In view of these factors we wanted to find a cooling product, which addressed the shortfalls of the CryocuffTM system, without increasing cost. The PhysicoolTM system is easy to apply and recharge.  Owing to its lack of bulk it does not limit knee flexion whilst in-situ on the limb. Furthermore it remains effective once taken home by the patient for continued use. No complications were associated with the use of PhysicoolTM either in our study or in the literature.

Our results show that the PhysicoolTM system was significantly better at providing pain relief and improving ROM compared to the Cryocuff TM system on both the first and second post operative days. We believe this difference continues following discharge from hospital. In addition, using the PhysicoolTM system provides a modest cost saving of £23 per patient, which multiplied by 350 knee replacements over the course of a year would save £8050 in an averaged size department.


There are some limitations associated with our study design. We accept that this was not a randomised blinded study and therefore results are susceptible to bias. In view of the nature of the cryotherapy devices, patient blinding is not feasible. It may, however, have been possible to blind assessors, though due to resource and time limitations this was not included in our methodology.

Whilst there was no control group it was felt that sufficient evidence exists to support the efficacy of cryotherapy versus placebo for the outcome measures we examined. Previous work has shown CryocuffTM to be superior to compression bandages and external ice at reducing pain and improving early range of movement.6,20,21

Furthermore, we did not examine analgesic requirements between the two groups, although previous meta-analysis has shown a reduction in analgesia requirement with cryotherapy5.

Pain scores and range of movement data were only recorded for the first two post-operative days. The mean length of stay of TKA patients in our department is 4.2 days, with a significant number of patients being discharged on the 3rd post-operative day. As no provision for measurement following patient discharge was made we felt a shorter follow up was preferable to multiple incomplete data sets.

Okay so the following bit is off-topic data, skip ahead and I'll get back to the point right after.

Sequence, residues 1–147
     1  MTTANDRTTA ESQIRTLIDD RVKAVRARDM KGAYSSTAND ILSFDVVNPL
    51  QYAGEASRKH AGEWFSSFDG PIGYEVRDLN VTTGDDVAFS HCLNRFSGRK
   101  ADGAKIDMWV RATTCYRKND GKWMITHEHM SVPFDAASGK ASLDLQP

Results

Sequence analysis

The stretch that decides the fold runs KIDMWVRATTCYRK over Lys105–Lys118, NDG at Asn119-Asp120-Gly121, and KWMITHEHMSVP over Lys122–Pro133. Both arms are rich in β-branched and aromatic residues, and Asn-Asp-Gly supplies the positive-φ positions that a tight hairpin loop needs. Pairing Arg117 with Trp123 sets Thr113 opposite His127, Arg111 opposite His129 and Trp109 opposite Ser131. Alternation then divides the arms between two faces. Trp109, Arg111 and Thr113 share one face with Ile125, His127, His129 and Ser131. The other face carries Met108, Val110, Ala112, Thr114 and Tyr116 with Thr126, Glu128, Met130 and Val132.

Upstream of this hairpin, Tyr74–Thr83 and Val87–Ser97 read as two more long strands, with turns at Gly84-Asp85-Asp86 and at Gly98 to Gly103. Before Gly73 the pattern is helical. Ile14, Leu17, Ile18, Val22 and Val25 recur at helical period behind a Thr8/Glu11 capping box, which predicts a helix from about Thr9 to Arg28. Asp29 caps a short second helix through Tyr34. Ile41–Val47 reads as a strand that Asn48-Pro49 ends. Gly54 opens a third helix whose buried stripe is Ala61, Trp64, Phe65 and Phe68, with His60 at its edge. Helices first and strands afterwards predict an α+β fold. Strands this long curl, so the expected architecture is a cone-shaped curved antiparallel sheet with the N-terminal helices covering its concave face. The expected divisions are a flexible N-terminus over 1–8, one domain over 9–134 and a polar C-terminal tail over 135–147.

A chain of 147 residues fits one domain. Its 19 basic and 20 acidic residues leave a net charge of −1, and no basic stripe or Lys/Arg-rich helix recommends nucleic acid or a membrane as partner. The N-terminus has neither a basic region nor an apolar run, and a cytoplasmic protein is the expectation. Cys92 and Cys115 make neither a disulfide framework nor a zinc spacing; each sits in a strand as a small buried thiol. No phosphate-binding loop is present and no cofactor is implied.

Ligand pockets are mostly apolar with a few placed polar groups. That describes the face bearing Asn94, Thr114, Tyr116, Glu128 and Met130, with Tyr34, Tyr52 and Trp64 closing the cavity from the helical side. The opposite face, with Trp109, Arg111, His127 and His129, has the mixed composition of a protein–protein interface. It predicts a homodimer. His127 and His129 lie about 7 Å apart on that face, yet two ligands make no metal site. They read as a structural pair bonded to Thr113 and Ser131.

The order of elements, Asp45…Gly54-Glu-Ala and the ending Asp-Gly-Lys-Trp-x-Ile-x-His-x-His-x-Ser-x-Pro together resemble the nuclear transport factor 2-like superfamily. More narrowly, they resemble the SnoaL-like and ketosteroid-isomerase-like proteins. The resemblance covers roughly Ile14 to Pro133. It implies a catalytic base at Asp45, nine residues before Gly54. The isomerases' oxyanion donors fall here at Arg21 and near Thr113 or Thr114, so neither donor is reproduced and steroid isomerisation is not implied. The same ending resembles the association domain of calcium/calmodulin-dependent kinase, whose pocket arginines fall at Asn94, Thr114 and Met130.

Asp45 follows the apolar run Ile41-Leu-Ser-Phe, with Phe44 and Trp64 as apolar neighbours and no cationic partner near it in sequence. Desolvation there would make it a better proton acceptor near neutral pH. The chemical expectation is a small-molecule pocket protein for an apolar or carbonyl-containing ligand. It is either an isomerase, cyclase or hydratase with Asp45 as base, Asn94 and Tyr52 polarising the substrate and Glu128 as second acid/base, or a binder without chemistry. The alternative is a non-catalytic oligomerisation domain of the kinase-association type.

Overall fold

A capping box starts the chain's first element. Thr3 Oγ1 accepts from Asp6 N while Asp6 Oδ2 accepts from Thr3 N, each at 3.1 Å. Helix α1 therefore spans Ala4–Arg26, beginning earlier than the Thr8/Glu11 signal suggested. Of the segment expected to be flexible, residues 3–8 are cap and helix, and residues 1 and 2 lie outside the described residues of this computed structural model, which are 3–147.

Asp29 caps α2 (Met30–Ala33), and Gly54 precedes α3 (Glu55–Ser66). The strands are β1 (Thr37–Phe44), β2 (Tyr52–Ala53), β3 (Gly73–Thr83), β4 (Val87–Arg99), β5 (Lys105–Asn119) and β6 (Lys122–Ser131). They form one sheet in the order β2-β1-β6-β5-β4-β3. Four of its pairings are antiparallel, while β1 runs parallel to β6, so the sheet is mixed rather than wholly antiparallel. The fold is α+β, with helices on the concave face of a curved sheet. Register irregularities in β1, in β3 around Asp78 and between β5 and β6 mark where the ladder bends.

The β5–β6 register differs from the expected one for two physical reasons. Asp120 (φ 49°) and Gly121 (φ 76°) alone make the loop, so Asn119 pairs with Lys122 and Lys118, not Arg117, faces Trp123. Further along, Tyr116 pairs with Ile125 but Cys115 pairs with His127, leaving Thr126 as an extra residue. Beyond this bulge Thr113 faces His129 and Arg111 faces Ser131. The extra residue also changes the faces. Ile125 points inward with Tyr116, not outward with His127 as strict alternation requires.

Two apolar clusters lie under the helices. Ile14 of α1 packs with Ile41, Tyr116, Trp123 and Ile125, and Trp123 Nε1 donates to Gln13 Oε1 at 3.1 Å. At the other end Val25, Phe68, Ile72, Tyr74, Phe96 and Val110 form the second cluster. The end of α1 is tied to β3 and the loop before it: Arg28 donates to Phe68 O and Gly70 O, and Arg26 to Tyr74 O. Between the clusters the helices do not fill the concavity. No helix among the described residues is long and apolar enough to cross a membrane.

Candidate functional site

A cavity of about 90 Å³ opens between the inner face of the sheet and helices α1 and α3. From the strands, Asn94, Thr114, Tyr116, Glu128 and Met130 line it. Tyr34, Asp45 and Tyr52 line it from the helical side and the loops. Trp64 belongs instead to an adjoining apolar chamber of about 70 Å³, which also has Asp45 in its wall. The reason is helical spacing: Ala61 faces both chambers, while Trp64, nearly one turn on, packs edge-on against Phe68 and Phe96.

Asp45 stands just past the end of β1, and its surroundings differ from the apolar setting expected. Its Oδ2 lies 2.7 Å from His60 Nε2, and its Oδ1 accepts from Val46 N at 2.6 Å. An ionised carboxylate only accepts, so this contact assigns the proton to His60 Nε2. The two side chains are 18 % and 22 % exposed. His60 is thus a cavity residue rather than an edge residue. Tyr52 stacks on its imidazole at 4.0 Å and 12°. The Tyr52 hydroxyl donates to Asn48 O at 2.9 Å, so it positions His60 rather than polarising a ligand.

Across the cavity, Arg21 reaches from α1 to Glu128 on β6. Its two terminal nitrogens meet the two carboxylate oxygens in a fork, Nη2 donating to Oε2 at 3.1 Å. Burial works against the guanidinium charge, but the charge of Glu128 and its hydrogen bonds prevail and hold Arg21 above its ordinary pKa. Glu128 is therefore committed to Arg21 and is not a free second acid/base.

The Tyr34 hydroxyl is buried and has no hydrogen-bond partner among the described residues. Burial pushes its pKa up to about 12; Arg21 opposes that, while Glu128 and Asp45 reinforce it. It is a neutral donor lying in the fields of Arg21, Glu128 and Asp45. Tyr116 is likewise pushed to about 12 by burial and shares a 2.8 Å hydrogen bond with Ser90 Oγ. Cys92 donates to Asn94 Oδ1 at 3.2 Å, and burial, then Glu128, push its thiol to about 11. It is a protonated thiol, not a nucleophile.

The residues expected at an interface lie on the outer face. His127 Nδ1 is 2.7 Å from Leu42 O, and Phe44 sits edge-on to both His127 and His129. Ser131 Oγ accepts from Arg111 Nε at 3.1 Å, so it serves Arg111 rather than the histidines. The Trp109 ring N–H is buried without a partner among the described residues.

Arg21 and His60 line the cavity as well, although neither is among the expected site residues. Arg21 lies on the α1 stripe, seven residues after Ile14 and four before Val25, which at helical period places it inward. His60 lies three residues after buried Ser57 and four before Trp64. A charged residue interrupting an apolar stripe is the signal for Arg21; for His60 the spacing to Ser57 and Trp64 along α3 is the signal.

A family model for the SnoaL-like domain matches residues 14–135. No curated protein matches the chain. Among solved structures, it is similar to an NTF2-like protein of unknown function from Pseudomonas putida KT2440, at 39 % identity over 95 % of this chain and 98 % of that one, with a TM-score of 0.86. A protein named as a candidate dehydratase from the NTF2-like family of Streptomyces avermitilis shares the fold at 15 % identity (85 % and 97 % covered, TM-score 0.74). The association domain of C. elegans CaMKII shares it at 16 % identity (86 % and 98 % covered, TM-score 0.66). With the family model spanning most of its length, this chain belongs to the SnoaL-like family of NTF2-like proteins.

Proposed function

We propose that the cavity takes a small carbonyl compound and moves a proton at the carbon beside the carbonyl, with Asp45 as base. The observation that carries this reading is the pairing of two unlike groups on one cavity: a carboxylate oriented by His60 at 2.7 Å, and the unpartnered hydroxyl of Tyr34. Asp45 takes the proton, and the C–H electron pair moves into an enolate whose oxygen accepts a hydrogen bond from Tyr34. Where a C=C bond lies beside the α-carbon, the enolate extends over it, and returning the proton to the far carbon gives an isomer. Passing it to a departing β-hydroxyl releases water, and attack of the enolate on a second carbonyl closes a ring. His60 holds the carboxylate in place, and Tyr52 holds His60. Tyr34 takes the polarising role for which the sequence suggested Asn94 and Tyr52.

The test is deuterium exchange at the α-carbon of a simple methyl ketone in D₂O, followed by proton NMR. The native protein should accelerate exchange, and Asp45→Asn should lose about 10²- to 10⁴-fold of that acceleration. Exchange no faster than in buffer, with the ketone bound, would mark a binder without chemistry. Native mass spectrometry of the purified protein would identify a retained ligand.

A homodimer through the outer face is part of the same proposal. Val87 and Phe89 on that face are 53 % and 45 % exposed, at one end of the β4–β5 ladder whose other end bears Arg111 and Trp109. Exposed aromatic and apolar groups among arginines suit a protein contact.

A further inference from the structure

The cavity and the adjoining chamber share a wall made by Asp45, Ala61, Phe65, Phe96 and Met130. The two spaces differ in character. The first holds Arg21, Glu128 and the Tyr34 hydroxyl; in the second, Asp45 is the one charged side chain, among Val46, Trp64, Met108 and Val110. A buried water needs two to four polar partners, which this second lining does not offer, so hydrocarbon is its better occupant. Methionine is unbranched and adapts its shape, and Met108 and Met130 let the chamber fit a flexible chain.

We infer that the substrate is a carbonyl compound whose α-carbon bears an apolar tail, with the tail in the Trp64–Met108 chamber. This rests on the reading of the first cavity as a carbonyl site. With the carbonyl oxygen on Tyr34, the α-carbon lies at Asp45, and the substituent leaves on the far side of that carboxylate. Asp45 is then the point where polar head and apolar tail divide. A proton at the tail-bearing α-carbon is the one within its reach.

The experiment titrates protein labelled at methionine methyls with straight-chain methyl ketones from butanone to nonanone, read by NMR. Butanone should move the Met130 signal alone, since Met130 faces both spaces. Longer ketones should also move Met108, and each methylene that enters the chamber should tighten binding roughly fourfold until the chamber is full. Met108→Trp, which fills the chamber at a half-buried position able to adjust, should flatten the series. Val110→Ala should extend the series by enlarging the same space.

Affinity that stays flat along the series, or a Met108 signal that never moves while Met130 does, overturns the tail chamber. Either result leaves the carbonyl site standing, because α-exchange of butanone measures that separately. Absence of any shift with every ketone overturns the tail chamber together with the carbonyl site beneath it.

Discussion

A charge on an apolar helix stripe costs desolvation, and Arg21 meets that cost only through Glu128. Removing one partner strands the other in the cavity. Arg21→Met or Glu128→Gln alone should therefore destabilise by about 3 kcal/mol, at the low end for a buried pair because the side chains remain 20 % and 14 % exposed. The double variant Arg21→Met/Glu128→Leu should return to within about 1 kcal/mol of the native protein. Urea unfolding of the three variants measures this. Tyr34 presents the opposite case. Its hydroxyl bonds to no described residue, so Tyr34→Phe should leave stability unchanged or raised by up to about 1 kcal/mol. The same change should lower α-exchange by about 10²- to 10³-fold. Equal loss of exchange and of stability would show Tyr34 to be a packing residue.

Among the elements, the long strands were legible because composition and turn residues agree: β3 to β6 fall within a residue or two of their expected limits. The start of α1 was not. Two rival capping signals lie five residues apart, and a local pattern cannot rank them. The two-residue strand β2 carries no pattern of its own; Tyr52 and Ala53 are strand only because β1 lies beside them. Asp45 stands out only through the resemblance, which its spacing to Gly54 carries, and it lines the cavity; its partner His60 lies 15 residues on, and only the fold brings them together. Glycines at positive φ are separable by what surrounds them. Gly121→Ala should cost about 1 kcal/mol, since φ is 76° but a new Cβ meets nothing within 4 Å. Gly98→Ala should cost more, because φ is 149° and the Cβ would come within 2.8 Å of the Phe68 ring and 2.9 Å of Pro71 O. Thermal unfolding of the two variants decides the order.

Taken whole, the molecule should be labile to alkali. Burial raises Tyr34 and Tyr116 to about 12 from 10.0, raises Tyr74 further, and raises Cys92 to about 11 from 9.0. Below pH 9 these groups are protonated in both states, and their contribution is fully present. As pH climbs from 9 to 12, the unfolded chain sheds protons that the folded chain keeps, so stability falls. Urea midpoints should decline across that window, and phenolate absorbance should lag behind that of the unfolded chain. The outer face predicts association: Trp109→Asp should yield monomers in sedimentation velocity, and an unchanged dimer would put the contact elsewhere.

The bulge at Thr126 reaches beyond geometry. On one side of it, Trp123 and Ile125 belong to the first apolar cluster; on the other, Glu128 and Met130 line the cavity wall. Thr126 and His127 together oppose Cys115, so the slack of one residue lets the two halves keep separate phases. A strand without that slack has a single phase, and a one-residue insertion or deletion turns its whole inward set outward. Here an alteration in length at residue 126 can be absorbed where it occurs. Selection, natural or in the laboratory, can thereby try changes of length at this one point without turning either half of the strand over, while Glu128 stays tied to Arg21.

We used VAS as it provides a simple and validated scoring system18. Intra-observer variability was controlled by having the same physiotherapist recording pre and post cryotherapy measurements with a goniometer; however, no mechanisms were put in place to control inter-observer variability.

Some patients reported that the cooling fluid soaked bandage caused dampness on bed sheets and clothing, and some found the odour of the cooling fluid unpleasant.  Application of the device can be challenging for those with poor manual dexterity.


This study clearly demonstrates the superiority of the physicoolTM cryotherapy system over that of the CryoCuffTM method for patients undergoing total knee arthroplasty when considering pain scores, range of movement and cost in the early post-operative period.

In addition to the acute post-operative phase of knee arthroplasty, cryotherapy has been used successfully following several arthroscopic procedures, particularly cruciate ligament reconstruction22. It has been used to reduce both the recovery time from traumatic injuries and in the treatment of chronic sporting injuries. It would seem likely that the advantage of PhysicoolTM over CryocuffTM would be similar in these situations, so this study could prompt the exploration of the use of the PhysicoolTM system in a wide range of operative and non-operative scenarios.


This study shows that the PhysicoolTM system is a viable alternative to other available cooling methods.  It is relatively inexpensive and easy for the majority of patients to apply.

It allows patients to mobilise without removing the device and can be used following discharge.

This is the first study demonstrating that the PhysicoolTM system improves pain and range of movement in the acute post-operative phase following TKA. We have shown it to be more effective in reducing pain and in increasing range of movement of the knee and also more cost effective compared to the CryocuffTM system.


  1. D.I. Abramson, L.S. Chu, S. Tuck Jr. et al. Effect of tissue temperatures and blood flow on motor nerve conduction velocity JAMA, 198 (1966), p. 1082
  1. Adie S, Kwan A, Naylor JM, Harris IA, Mittal R. Cryotherapy following total knee replacement. Cochrane Database Syst Rev. 2012 Sep 12;9:CD007911..